Wealth Inequality: My Candid Thoughts for a Good Friend …

Income and wealth inequality have always been, and always will be, a subject of intense debate. I think the roots of the debate come down to two sides of one basic idea: entitlement mentality.

I could speak to that idea in great depth. But I won’t so much today. Rather, I want to speak towards a perceived cause, as well as what I feel is the actual cause, of wealth inequality.

A friend sent me the following article from the International Herald Tribune (aka The New York Times):

What started as what I hoped would be a critique of what’s driven capital into the hands of a few holders of much capital, turned into a typical, oversimplified, finger-pointing at the rich-loving GOP. [Editor’s note: I am no fan of the GOP. But, for what it’s worth, I do believe they are more often than not the lesser of two evils. Yeah, it’s not worth much.]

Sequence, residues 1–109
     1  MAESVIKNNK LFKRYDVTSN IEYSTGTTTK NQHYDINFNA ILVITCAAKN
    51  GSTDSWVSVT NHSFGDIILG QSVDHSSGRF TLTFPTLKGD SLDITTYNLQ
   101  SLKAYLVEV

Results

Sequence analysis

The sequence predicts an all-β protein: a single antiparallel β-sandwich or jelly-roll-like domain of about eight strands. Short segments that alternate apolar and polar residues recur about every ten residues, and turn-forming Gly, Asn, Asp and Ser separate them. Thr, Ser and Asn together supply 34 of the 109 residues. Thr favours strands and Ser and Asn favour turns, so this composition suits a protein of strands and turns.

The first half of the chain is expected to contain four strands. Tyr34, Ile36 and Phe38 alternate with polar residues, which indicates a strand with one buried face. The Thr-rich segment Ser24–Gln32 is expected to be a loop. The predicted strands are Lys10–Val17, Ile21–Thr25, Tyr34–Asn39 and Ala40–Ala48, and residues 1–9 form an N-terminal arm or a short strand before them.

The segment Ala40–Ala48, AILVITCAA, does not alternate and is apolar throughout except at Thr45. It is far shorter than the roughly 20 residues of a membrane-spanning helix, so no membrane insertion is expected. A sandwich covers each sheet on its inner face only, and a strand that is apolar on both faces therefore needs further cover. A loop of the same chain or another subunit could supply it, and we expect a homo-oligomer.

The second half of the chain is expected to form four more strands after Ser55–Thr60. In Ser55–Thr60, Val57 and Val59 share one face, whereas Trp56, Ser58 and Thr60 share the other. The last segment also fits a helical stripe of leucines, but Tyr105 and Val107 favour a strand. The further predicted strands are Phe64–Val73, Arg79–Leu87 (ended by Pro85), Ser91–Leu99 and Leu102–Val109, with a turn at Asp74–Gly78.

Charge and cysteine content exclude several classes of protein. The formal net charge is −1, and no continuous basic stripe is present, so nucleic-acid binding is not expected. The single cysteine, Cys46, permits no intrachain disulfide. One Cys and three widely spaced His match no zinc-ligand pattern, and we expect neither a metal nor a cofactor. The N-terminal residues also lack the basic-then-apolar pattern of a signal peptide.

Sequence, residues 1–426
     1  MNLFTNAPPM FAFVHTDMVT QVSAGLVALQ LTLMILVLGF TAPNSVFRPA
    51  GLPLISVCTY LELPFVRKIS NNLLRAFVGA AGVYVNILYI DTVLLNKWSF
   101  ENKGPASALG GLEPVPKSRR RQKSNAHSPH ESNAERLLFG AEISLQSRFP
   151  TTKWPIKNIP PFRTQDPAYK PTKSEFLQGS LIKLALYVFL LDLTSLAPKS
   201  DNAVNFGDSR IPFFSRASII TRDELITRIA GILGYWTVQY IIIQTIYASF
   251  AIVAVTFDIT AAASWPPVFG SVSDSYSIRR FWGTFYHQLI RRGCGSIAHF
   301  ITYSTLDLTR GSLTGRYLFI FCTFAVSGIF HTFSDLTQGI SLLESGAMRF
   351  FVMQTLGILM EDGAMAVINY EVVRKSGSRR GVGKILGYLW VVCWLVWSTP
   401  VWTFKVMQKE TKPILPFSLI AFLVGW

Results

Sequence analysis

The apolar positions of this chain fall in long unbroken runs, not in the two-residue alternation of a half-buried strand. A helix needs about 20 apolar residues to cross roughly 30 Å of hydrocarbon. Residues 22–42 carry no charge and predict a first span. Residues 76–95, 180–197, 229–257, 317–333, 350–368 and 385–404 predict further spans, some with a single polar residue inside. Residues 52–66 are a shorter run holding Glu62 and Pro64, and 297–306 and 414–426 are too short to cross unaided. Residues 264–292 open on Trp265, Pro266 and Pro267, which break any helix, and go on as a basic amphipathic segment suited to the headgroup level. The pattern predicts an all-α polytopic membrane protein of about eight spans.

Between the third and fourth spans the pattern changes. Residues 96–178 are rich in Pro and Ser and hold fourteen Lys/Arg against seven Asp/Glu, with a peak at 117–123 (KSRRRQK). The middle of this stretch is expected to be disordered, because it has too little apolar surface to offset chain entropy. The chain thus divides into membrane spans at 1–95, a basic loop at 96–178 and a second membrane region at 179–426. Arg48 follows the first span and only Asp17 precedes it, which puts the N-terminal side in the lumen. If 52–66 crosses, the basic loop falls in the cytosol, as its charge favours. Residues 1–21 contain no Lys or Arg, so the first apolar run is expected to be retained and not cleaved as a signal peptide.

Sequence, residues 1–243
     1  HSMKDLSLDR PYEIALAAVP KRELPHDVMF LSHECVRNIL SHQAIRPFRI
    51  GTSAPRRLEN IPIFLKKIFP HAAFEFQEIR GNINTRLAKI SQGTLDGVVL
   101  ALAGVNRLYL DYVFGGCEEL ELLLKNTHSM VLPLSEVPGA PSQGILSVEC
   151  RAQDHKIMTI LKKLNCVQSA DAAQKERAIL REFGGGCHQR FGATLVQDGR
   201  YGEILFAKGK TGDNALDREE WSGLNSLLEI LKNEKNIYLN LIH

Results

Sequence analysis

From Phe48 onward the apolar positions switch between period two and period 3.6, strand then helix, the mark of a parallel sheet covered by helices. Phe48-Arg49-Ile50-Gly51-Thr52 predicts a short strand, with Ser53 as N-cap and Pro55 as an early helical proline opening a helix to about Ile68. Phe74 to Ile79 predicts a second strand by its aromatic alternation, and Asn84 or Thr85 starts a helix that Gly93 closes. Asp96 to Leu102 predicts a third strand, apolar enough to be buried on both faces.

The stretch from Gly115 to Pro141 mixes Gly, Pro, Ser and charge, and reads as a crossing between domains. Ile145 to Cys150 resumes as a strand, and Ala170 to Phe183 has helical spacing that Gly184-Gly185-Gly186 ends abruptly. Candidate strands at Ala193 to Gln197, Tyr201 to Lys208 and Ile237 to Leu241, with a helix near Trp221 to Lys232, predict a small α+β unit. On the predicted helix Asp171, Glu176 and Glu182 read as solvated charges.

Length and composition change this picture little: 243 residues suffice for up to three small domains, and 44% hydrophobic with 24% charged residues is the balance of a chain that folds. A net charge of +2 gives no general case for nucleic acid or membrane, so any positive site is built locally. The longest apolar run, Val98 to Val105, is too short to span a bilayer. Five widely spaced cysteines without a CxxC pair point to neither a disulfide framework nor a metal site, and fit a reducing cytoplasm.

The author’s explanation and argument for growing inequality, and the apparent trend towards oligarchy in the US, seemed to rest almost entirely on the GOP’s tax policy.

That approach is disingenuous at worst and misinformed at best, if you want my honest opinion!

The tax argument merely deflects attention away from the real cause of wealth inequality and back onto an age-old ideological talking point. [Heavy sigh.] Simply put: easing taxes on the wealthy and abolishing the estate tax are not the reasons we’re mired in this dilemma (except so far as the idea clouds the thinking of those involved in the debate.)

Oh … and the author attacks capitalism by tacking on the “patriarchal” prefix. Newsflash to all haters: The things you despise about “capitalism” are actually not naturally occurring in free enterprise and free markets (aka true capitalism). So drop the agenda, stop demonizing capitalism and start calling it what it really is: corporatism, fascism, whatever.